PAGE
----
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Author Cruising the Pacific

Boat Name:


Hull No.

Hailing Port:
02/27/2004 8:39 AM Pacific Time

I know that there has been talk in the
past of whether or not one could sail a
22 ft boat in an ocean crossing. Check
out this link that I found while surfing
a cruising ring.
Talk about no fear!
Washington DC

Boat Name:


Hull No.

Hailing Port: Galesville (Chesapeake Bay)
06/06/2004 11:30 AM Pacific Time

I would never try an ocean crossing in a C22. First of all I don't know if the hull can take being tossed around that much. Also the mast is not stepped into the deck and the rigging is too light. I heard somewhere that the C22 shouldn't be sailed in more than 25 knots of wind. I dont know about that but you would find wind much stronger than that in the ocean of course.

Boat Name:


Hull No.

Hailing Port:
06/07/2004 6:15 PM Pacific Time

Looking to sail across Monterey Bay this summer. Will pick a long weekend of less fog, swell and wind. Has anyone done it in a 22? Sailed to Moss Landing last summer with no problem.

Thanks in advance,
Frank Nin
Grass Valley, CA

Boat Name: Hola!

Model/Year: C-22, Wing, 2000

Hull No. 15464

Hailing Port: Grass Valley, CA
06/07/2004 11:24 PM Pacific Time

Did you guys read the story in the Latitude 38 about a guy that sailed to alaska and back to SF bayon a west wright potter 19? Interesting... Same guy that sailed from SF bay to Hawaii in his potter 19...
Alan Chillers
Cocoa Beach

Boat Name: Lo" Key

Model/Year: 22 catalina/1984

Hull No. 12227

Hailing Port: Space Coast
06/08/2004 4:51 PM Pacific Time

sounds like he likes to live on the edge/dangerous or got some very,very easy sea waves,and wind conditions,quite a venture for a small vessel of that type,maybe im too respectful of ol" mother sea...............
Dick Reynolds
Lebanon, Oregon

Boat Name: Catnip

Model/Year: Swing Keel / 1974

Hull No. 4570

Hailing Port: Newport, Oregon
06/08/2004 10:09 PM Pacific Time

He must have a death wish. I've never sailed against a slower boat than a WWP.
Russ Milham
Lake Forest Park, WA

Boat Name: Griot

Model/Year: C-22 1981

Hull No. CTYH0492M811

Hailing Port: Kenmore Air Harbor
06/08/2004 11:54 PM Pacific Time

This may be drifting a bit OT, but I can't resist sharing this snippet that I found on the Coronado 25 forum:

"We, my wife, daughter, sheltie dog, a cat and I lived aboard our Coronado 25 for nearly 4 (four!!!) years in the very rainy area of Crescent City, California. I am 6' 3" and 285 lbs., my wife (fortunately) is a 4'11", 90 lbs. Filipina. Our sleeping arraignment was; my wife and I slept in the large V-berth, our then 10 year old daughter slept in the very large quarter berth with "Moody" the cat and "Jaws" the dog under the salon table. We loved living on our little ship! We bought her as our first boat, but can't seem to part with her. We more recently purchased a larger yacht (Fuji 35) but have sold it in hopes of buying a catamaran for world cruising. During the time we lived on our C 25 she never leaked a drop and we had sat through many a 50 to over 70 kts gale. We even toyed with the idea of sailing her around the world, but realized it would be too cramped, what with provisions and all (and a recent new son). Still, she is a virtuous boat and having sailed her in all kind s of weather, I believe she could do the job. I have heard of others that have sailed C 25's to at least Polynesia […] Funny how these little ships grow on ya."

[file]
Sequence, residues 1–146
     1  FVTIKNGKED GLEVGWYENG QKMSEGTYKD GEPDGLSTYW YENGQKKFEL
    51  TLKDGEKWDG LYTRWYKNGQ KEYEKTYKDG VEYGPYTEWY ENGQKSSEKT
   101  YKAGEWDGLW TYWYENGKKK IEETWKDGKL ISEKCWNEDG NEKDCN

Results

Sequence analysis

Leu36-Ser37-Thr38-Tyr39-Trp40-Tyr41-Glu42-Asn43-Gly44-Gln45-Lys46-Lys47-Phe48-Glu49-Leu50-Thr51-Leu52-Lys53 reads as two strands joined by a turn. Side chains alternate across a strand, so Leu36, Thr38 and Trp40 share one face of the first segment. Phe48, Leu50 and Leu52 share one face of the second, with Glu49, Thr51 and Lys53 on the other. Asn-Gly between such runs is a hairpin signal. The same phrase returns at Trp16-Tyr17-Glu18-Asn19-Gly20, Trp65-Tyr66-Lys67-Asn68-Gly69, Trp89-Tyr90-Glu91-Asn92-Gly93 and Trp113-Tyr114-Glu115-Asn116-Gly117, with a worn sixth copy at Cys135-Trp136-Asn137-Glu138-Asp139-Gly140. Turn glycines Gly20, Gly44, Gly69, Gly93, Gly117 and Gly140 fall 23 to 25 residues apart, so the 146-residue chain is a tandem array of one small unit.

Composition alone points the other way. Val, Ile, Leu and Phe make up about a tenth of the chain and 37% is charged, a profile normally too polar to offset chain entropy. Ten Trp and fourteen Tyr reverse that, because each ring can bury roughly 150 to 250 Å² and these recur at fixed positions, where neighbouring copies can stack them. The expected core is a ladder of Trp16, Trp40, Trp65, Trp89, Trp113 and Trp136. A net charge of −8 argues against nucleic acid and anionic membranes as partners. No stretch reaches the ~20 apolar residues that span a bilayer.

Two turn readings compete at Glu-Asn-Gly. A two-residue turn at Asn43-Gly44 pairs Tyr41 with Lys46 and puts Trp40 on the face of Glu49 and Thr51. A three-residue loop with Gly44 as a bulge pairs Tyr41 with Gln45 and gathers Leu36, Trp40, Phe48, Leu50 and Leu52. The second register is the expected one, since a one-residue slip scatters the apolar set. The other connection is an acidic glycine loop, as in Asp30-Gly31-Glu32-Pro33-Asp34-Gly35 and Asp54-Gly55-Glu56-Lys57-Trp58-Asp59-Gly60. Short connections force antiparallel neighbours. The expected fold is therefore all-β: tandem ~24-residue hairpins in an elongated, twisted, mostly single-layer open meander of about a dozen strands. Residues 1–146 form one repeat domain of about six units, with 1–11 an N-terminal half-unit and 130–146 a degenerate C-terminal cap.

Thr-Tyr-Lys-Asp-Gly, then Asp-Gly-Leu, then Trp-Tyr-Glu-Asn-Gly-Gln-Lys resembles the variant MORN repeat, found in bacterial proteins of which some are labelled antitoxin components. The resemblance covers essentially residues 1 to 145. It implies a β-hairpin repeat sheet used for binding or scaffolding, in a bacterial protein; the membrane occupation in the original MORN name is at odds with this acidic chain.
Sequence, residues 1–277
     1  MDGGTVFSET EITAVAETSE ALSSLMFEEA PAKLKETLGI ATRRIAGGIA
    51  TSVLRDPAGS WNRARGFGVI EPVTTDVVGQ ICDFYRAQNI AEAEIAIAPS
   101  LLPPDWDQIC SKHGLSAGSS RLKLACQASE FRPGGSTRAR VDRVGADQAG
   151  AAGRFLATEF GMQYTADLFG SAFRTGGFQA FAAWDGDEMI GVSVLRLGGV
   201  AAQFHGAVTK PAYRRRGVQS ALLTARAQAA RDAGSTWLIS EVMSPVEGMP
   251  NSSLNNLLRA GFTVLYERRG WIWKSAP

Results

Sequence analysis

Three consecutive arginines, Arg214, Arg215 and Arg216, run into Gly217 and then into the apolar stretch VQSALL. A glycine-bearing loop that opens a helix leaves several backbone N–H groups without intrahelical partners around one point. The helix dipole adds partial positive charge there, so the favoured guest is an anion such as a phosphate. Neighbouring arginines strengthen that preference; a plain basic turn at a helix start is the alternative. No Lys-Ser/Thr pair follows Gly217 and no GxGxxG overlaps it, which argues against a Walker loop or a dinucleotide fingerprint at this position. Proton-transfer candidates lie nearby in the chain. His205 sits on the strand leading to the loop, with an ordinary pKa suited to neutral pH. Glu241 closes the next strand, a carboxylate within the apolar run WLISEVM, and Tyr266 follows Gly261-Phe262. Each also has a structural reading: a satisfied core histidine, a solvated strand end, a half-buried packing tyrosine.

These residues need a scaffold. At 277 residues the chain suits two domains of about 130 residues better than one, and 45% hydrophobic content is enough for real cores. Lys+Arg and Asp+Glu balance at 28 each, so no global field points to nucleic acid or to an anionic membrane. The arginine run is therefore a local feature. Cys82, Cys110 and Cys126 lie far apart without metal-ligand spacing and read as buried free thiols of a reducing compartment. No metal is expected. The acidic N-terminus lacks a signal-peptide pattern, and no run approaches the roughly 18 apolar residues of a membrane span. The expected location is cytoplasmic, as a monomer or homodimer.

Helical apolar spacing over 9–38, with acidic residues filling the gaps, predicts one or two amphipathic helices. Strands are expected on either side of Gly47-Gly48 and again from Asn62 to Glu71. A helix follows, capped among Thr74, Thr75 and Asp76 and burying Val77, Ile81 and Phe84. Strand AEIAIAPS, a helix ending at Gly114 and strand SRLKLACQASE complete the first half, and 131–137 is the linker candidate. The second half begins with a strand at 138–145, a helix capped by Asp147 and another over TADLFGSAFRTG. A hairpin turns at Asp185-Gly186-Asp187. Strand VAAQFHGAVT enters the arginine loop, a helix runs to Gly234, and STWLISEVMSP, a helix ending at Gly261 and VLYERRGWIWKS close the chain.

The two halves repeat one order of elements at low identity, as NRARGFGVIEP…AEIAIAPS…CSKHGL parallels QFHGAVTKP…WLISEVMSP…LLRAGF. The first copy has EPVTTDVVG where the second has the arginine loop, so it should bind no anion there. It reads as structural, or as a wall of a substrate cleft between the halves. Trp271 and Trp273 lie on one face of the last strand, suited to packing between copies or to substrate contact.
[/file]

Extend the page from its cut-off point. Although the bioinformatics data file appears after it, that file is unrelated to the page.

Al Gearing
Burleson, Texas

Boat Name: Torch of Freedom

Model/Year: C-22 '76

Hull No. 6448

Hailing Port: Arlington YC
06/09/2004 7:31 AM Pacific Time

I just finished reading 'My Old Man and the Sea' about this father and son who went around Cape Horn in 22' boat. Of course it was much deeper and more seaworthy than a Cat22. I think that one could weather most of the storms and seas in a Cat22 if they use common sense when things start getting rough and windy. When racing of course I drive it to the hilt, but if I were cruiseing and it got rough I would have the sails reduced to a double reef on the main, which is not what we have for racing sails, and use storm jib, about 50%. When things get bad, it is a good idea to set a course on a beam wind on starboard tack in the northern hemishere and port in southern, due to the normal ratation of hurricane winds. It doesn't matter were you go as long as you're still afloat after the storm. For what it's worth to you young folks looking for adventure, I think it is a great thing to do, I've had some thrills racing, where no one would think of really shortening sail any more than necessary to keep driving on the wind if that was the shortest way home. Go for it! Hopfully you will get some really great winds to talk about for years to come.
Al Ge
B.C Canada.

Boat Name: Mirandas Fantasy

Model/Year: 1979 ?

Hull No. 7112

Hailing Port: Shuswap lake
06/27/2006 9:32 PM Pacific Time

From time to time I dream about sailing my Catalina 22 from Vancouver B.C to Hawaii,Has anybody out there made such a journey,I am looking for a crew.
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